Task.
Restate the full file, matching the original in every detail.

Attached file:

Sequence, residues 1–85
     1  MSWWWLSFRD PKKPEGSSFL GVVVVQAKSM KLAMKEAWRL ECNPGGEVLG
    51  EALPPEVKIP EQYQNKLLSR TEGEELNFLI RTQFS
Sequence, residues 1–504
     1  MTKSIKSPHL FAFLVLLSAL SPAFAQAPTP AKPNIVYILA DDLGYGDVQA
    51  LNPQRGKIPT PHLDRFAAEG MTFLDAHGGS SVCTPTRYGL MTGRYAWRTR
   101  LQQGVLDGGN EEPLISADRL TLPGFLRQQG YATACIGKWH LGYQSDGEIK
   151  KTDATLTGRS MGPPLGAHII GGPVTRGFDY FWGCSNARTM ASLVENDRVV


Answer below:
Sequence, residues 1–85
     1  MSWWWLSFRD PKKPEGSSFL GVVVVQAKSM KLAMKEAWRL ECNPGGEVLG
    51  EALPPEVKIP EQYQNKLLSR TEGEELNFLI RTQFS
Sequence, residues 1–504
     1  MTKSIKSPHL FAFLVLLSAL SPAFAQAPTP AKPNIVYILA DDLGYGDVQA
    51  LNPQRGKIPT PHLDRFAAEG MTFLDAHGGS SVCTPTRYGL MTGRYAWRTR
   101  LQQGVLDGGN EEPLISADRL TLPGFLRQQG YATACIGKWH LGYQSDGEIK
   151  KTDATLTGRS MGPPLGAHII GGPVTRGFDY FWGCSNARTM ASLVENDRVV